The control path consists of the inertia switch, the computer, and the fuel pump relay coil. It turns the fuel pump relay on or off under computer control. The switched power (red wire) from the ECC relay goes to the inertia switch (red/black wire) then from the inertia switch to the relay coil and then from the relay coil to the computer (tan/ Lt green wire). The computer provides the ground path to complete the circuit. This ground causes the relay coil to energize and close the contacts for the power path. Keep in mind that you can have voltage to all the right places, but the computer must provide a ground. If there is no ground, the relay will not close the power contacts.

    The power path picks up from a fuse link near the starter relay. Fuse links are like fuses, except they are pieces of wire and are made right into the wiring harness. The feed wire from the fuse link (orange/ light blue wire) goes to the fuel pump relay contacts. When the contacts close because the relay energizes, the power flows through the contacts to the fuel pump (light pink/black wire). Notice that pin 19 on the computer is the monitor to make sure the pump has power. The fuel pump has a black wire that supplies the ground to complete the circuit.

    Remember that the computer does not source any power to actuators, relays or injectors, but provides the ground necessary to complete the circuit. That means one side of the circuit will always be hot, and the other side will go to ground or below 1 volt as the computer switches on that circuit.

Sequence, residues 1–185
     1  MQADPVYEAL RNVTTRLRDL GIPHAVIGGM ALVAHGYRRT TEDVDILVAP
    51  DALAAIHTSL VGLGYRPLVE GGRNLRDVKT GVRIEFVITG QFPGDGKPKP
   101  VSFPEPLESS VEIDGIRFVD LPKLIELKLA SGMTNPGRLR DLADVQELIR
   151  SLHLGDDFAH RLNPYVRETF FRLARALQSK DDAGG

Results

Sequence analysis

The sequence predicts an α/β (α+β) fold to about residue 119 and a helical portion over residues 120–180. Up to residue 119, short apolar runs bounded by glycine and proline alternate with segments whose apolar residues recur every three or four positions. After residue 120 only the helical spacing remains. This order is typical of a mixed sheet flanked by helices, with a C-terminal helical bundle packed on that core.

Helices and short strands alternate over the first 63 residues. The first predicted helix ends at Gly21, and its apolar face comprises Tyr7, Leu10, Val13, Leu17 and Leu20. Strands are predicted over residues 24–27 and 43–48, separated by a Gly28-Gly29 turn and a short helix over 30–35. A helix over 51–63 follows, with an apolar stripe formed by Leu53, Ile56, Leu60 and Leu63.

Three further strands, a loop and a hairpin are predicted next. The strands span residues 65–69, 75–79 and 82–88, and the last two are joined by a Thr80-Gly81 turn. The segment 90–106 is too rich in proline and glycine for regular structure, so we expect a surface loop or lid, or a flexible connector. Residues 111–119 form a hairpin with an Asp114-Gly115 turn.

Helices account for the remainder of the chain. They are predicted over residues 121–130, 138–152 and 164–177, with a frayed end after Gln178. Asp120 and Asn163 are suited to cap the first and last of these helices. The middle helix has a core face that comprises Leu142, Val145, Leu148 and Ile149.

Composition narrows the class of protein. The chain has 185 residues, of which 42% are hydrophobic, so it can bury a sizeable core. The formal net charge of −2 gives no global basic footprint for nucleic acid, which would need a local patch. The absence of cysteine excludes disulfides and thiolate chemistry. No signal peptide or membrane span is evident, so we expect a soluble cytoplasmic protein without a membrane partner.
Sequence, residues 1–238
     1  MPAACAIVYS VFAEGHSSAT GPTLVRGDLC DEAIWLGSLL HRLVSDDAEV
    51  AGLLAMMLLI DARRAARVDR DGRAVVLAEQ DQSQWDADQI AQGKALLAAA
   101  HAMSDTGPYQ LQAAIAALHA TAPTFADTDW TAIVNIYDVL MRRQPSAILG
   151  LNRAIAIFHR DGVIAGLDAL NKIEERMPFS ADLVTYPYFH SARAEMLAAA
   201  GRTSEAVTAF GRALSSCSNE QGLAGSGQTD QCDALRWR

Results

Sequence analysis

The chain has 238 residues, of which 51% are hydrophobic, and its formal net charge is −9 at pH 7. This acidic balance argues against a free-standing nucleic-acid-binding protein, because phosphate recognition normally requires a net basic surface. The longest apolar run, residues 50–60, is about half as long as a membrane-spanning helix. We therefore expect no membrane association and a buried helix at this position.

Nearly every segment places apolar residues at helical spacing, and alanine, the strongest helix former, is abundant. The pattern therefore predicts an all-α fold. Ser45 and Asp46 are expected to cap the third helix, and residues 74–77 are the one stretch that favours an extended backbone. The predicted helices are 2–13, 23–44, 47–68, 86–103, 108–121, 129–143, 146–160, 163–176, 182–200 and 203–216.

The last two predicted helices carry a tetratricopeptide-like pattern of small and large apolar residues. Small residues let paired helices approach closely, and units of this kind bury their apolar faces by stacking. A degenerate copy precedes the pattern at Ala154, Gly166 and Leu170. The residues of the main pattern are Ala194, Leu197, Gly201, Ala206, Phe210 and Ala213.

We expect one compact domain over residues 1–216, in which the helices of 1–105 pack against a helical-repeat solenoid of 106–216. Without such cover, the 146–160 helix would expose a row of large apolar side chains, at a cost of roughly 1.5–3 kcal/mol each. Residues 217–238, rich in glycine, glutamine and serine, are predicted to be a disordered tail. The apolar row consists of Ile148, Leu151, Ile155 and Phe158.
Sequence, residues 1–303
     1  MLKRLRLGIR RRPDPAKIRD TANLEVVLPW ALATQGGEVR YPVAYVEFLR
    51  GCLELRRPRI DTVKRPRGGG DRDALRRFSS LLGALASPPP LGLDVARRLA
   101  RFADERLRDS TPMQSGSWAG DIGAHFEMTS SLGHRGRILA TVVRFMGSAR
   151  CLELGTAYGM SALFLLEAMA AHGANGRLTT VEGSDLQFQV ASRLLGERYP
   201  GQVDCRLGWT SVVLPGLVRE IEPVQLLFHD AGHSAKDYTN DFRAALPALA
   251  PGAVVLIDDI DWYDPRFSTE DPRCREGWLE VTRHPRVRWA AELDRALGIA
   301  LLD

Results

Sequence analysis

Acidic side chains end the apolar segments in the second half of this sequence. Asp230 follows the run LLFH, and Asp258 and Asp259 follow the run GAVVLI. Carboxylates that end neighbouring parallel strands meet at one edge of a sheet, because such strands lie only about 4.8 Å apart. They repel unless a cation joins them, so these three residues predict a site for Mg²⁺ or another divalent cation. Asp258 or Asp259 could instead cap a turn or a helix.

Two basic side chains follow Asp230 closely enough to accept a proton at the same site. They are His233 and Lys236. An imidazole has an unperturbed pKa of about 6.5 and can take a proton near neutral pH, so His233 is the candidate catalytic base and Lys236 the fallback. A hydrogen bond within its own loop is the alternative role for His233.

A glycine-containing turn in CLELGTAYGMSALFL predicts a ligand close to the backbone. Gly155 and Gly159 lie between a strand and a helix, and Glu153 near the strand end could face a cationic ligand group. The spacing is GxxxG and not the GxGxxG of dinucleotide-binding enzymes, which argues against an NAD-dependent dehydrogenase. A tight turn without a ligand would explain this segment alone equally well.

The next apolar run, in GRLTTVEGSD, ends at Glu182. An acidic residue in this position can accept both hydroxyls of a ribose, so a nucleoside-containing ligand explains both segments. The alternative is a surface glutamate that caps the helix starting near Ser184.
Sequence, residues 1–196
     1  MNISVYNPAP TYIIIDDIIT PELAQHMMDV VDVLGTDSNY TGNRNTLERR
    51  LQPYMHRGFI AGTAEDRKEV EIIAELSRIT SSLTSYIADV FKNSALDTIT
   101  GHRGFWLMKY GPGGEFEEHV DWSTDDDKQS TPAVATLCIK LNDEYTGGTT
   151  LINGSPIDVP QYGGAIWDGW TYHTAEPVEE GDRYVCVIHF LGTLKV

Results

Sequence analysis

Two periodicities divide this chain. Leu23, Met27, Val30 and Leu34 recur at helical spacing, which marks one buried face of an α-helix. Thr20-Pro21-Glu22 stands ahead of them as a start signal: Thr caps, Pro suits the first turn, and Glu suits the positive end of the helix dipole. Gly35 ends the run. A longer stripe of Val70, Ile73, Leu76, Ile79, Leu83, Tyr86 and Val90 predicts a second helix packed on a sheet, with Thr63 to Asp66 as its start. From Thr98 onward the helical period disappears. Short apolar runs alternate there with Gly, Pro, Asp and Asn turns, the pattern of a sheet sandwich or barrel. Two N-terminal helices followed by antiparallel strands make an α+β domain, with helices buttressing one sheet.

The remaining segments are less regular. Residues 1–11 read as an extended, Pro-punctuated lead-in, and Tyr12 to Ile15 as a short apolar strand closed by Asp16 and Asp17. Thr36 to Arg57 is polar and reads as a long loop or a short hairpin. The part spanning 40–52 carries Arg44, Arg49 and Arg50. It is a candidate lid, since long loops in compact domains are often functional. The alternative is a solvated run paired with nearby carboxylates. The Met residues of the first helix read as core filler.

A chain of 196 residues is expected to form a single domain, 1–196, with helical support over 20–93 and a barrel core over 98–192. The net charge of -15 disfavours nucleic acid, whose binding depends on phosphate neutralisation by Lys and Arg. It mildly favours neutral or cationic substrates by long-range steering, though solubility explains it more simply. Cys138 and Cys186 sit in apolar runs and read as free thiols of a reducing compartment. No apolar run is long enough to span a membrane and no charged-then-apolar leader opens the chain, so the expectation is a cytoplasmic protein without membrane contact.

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    Now that you have the theory of how it works, it’s time to go digging.

    All voltage reading are made with one voltmeter lead connected to the metal car body unless otherwise specified

    Check for 12 volts at the red wire on the inertia switch. No 12 volts at the inertia switch, the ignition switch is turned off or faulty or there is no power to the ECC (computer ) power relay. To be sure look for good 12 volts on the red wire on any fuel injector:
    good 12 volts mean the ECC relay is working. No 12 volts and the ECC wiring is at fault.
    Look for 12 volts on the red/green wire on the ignition coil: no 12 volts and the ignition switch is faulty, or the fuse link in the ignition power wire has blown. No 12 volts here and the ECC relay won’t close and provide power to the inertia switch. Check the Red/black wire on the inertia switch, it should have 12 volts. No 12 volts there, either the inertia switch is open or has no power to it. Check both sides of the inertia switch: there should be power on the Red wire and Red/Black wire. Power on the Red wire and not on the Red/Black wire means the inertia switch is open. Push the button on the side of it to reset it, and then recheck. Good 12 volts on one side and not on the other means the inertia switch has failed.

    Look for 12 volts at the Orange/Lt. Blue wire (power source for fuel pump relay). No voltage or low voltage, bad fuse link, bad wiring, bad ignition switch or ignition switch wiring or connections. There is a mystery connector somewhere under the driver’s side kick panel, between the fuel pump relay and the fuse link.